Tuesday, May 24, 2005

Gourmet Monday

After the paella affair of Saturday night, it was nice to be invited over to someone else's house for a fancy dinner. The occasion? Why, the season finale of The O.C., of course. My co-worker T. is as big a fan of this pile of soap suds as I am, and he arranged for a good friend of his (with a GIANT plasma TV) to Tivo the last two episodes so we could all watch them together.

I only really know our host through friends, but Portland is small enough that we've met, personally and professionally, a bunch of times. I knew he was a graphic designer and all, but holy cow -- his apartment was a temple of modernity. Dinner was served on rectangular white plates, with each item placed separately -- from left, seared spinach and garlic, smashed potatoes, seared lamb and roasted red onions. It tasted fabulous and looked amazing.

The thought of plating food like that never occurs to me -- I'm all about family style, about asking people to wander into the kitchen and rummage through the cabinets to find the right glass for the wine, which, when they open it, could they pour me one, too? So to be a guest at a home like this -- gorgeous and comfortable, and oh-so-chic -- was relaxing, if a bit formal. Dessert, for crying out loud, was individual tartes tatin. On a Monday. For The O.C.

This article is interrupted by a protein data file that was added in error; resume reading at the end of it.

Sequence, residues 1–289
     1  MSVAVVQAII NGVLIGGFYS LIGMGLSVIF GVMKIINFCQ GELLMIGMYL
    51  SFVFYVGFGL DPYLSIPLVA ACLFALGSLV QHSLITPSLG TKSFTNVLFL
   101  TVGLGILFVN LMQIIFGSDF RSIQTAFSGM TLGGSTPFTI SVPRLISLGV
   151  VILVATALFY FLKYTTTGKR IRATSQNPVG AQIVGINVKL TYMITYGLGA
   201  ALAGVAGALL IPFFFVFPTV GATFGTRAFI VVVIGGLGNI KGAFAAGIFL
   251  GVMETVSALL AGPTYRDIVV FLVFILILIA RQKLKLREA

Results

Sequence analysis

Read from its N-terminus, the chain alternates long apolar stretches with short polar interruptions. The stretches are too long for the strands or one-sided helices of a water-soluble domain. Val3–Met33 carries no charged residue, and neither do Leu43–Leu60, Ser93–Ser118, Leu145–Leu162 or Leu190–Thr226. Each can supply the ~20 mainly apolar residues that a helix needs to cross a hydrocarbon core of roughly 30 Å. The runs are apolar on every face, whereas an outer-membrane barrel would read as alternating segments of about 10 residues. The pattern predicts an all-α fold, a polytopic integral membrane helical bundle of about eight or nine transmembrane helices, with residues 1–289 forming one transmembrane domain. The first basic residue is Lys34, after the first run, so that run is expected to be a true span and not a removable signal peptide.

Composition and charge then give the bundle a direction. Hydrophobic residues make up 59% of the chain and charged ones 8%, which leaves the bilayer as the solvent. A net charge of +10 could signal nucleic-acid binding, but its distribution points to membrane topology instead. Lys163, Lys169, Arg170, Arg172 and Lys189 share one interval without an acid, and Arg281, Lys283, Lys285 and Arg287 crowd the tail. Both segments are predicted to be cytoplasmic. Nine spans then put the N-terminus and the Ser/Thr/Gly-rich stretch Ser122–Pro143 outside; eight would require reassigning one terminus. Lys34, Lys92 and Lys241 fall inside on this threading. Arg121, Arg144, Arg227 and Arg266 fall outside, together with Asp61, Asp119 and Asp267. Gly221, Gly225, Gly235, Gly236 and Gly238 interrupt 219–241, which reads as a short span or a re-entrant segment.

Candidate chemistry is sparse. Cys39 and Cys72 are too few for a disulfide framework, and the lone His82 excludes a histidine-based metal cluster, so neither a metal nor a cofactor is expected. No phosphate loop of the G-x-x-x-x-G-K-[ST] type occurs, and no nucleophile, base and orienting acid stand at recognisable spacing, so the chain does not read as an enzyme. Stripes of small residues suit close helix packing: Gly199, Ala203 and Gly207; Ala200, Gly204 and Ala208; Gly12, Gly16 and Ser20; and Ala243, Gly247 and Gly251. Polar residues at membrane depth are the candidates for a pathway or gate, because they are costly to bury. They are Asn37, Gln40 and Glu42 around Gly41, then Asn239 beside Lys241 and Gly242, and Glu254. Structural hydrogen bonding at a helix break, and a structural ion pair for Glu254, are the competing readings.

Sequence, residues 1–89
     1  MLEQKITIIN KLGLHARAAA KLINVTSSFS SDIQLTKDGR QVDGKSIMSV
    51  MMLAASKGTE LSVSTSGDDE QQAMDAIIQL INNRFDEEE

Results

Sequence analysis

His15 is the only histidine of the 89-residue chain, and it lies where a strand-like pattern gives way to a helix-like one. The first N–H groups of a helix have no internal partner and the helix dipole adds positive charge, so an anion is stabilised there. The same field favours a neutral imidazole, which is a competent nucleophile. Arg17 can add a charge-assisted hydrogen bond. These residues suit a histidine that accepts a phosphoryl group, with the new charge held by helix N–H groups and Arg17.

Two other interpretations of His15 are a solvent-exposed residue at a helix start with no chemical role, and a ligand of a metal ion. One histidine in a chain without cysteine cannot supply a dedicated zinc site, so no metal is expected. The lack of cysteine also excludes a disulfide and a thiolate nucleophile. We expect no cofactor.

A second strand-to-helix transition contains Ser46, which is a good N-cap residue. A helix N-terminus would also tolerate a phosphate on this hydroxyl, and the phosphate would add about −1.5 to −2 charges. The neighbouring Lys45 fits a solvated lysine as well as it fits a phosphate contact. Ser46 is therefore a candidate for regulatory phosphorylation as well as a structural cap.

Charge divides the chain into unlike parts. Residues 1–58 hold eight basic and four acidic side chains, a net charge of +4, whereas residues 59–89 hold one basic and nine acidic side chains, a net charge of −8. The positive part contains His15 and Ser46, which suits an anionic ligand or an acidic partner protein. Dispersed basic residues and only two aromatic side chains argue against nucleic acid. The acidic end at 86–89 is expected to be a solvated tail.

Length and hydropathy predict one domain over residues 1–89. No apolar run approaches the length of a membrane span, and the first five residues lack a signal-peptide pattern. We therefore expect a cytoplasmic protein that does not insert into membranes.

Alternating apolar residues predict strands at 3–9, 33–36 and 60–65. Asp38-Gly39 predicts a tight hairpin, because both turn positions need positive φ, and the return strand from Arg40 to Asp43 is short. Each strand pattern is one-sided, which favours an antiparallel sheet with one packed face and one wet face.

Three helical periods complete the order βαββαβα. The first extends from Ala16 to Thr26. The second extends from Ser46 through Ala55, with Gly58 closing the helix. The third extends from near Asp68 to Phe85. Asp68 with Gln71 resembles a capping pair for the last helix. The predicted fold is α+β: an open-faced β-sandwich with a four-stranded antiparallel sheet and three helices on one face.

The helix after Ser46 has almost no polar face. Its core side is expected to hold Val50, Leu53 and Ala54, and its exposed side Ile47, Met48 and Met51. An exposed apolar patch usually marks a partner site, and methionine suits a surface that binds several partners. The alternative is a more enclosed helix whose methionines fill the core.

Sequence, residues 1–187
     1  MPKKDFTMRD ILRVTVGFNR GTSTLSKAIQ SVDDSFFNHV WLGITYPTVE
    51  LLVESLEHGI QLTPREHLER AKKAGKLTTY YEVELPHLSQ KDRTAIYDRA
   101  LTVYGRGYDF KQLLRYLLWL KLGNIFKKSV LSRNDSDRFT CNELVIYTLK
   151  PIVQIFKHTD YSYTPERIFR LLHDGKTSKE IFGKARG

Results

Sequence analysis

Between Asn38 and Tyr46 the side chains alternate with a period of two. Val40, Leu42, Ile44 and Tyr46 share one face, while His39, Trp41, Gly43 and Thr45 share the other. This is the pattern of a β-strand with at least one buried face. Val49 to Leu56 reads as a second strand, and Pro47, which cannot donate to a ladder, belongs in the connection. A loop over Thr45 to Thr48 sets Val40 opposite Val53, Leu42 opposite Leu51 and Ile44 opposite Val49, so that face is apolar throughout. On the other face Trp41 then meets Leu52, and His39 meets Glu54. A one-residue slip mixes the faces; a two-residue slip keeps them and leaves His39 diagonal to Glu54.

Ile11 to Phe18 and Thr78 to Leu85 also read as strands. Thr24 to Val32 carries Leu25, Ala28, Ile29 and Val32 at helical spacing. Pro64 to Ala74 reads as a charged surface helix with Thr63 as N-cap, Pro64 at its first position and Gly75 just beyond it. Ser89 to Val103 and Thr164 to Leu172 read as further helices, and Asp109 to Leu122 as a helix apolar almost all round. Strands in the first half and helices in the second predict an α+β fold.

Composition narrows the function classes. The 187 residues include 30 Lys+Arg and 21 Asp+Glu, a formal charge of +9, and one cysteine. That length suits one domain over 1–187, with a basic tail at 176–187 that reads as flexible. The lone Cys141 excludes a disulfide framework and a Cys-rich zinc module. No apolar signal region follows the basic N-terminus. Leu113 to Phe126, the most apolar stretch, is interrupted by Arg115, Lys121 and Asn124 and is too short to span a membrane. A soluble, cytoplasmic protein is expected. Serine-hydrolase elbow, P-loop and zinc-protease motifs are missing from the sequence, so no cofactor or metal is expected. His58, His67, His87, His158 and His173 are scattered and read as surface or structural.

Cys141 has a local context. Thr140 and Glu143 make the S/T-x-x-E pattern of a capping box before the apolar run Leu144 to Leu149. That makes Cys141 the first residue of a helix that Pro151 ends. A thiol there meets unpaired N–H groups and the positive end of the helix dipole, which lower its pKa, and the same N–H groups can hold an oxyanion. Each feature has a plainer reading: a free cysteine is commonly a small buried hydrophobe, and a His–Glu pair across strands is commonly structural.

Our host said we didn't need to bring anything. So we stopped at the corner store to get a bottle of wine. I used to think that our corner store had a good little selection of wine, but that was before I started reading Meg's site. Now that I pay more attention, I notice that they mostly stock the big California and Australia vineyards -- the same stuff I can get at the grocery store and that, if I really taste it, just isn't that good. But we were running late, and so I stopped in and hunted for something that looked vaguely interesting. (I don't pretend at all to know how to pick out good wine, though there are a couple places in town whose judgment I trust, not least because they're always finding tasty wine bargains. So, yes, I'm the worst kind of snob -- the uneducated kind.)

I can't tell you exactly what I picked out, but it was a $10 pinot from California, which I thought would be good with the lamb. I figured that at least it wasn't as recognizeable as Jacob's Creek or Rosemount, and that maybe it'd be ok. To my surprise, it was the fanciest and best wine of the evening. Our host served us Yellowtail, of all things. It seemed so incongruous -- the fabulous house, the impeccable meal, and then the purely mediocre wine. And it cracked me up that I was the wine snob of the evening. Ha. Meg, I think this is all your fault.